Between fiscal 2008 and 2010, all-other-pay dropped 22 percent in average value for the full Russell 3,000 universe from roughly $340,500 to $267,000. Smaller companies were far more likely to reduce all-other-pay, with declines from 2008-2010 of 36 and 35 percent for Russell 3,000 companies outside the S&P 1,500 and S&P SmallCap firms, respectively. By contrast, S&P 500 companies saw a 9 percent decline in the average value of all-other-pay to just over $692,000 in fiscal 2010.
The findings may appear surprising, given that investor campaigns to rein in elements of all-other-pay following the onset of the crisis were largely directed at large capital companies.
Anti-gross-up shareholder proposals, for example, were filed at corporate giants American Express, Honeywell International, CVS Caremark, and Northrop Grumman.
Shareholder anger over perks such as personal use of corporate aircraft, financial planning services, and security services also was largely directed at larger firms were the values of such benefits often ran into the hundreds of thousands of dollars.
However, when examining trends across sectors, compensation-related restrictions placed on companies drawing funds provided under the U.S. government’s Troubled Asset Relief Program appear to be the primary driver for the steep drop at smaller firms.
Financial Services companies saw a nearly 40 percent reduction in the average value of all-other-pay from fiscal 2008 to 2009, as illustrated in Figure 3. During this period, these companies also comprised nearly one-quarter of all Russell 3,000 companies below the S&P 1500 and 16 percent of all S&P SmallCap firms.
One notable observation from our analysis concerns the relation of all-other-pay to salary. The former is larger on average than the latter, which is surprising given that at most companies individual NEO salary typically is well above that for all-other-pay. However, when accounting for the record CEO turnover evidenced in recent years and the fact all-other-pay includes exit payments to executives, the numbers appear in line with overall market trends.
As the average value of all-other-pay spiraled downward between fiscal years 2008 and 2010, other pay elements, which began to decline going into 2009, rebounded in 2010, leaving all-other-pay as the only form of compensation to decline over the full three-year study period.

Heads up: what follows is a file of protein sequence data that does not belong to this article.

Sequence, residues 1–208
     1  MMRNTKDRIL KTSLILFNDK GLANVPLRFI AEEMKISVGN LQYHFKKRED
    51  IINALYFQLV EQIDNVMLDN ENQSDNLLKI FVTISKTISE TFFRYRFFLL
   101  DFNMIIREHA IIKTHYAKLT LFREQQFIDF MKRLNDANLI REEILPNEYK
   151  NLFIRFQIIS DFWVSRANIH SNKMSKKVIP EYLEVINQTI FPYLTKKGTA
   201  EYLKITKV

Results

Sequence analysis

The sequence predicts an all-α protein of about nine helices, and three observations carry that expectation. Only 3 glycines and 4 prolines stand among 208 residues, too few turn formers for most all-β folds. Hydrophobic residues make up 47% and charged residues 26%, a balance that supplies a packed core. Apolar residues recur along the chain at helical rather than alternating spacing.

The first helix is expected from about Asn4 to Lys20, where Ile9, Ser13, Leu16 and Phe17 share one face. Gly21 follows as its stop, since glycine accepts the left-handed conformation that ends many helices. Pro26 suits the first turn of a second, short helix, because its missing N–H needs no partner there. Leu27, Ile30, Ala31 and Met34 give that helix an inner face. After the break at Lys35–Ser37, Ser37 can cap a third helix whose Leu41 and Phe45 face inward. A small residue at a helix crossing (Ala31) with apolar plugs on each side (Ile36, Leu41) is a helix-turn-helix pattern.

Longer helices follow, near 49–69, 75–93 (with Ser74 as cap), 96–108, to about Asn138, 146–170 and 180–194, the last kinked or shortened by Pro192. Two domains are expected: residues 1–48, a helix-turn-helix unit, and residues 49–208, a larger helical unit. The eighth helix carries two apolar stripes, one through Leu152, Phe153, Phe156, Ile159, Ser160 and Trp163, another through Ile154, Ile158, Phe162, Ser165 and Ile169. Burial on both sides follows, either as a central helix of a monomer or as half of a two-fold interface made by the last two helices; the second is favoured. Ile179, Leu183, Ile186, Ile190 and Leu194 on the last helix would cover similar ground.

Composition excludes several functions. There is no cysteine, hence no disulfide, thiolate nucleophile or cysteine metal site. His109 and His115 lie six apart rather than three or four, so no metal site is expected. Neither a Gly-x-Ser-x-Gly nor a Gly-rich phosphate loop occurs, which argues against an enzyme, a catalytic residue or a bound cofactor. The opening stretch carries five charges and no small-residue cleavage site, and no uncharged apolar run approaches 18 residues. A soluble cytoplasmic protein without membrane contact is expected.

Average bonuses for the full Russell 3,000 universe dropped 20 percent from 2008 to 2009, but gained 15 percent into 2010 for a net three year decline of 7 percent. Meanwhile, average incentive awards not tied to stock dropped 2 percent from 2008 to 2009, but surged 37 percent into 2010 for a net, three-year gain of 34 percent.
This suggests a far greater reliance on variable, rather than fixed, pay, perhaps underscoring corporations’ affirmative response to demands to more closely link pay with company performance.
NEOs at Larger Firms See Greatest Gains
Despite the Dow Jones Industrial Average plummeting to a 10-year nadir in the spring of 2009, our analysis found no decline in average total annual compensation across the Russell 3,000 universe. Indeed, average TAC was up from fiscal 2008 to 2010 by 37 percent for all companies, and significantly more so for large and medium sized corporations. During that period, S&P MidCap companies’ average TAC ballooned by 63 percent from roughly $1.8 million to $3 million, while that for SP500 firms jumped by 54 percent to just under $6.4 million. Figure 4 below illustrates the growth in pay across all indices for the three year period studied.
Not surprisingly, NEOs in the S&P MidCap and S&P 500 indices saw the largest gains in the value of stock and option awards over the three year study period. The average value of MidCap company executives’ stock awards surged 165 percent from 2008-2010, while that for option awards jumped by 128 percent. Meanwhile, executives at the largest firms saw average stock award values increase by 143 percent, while those for options gain 103 percent.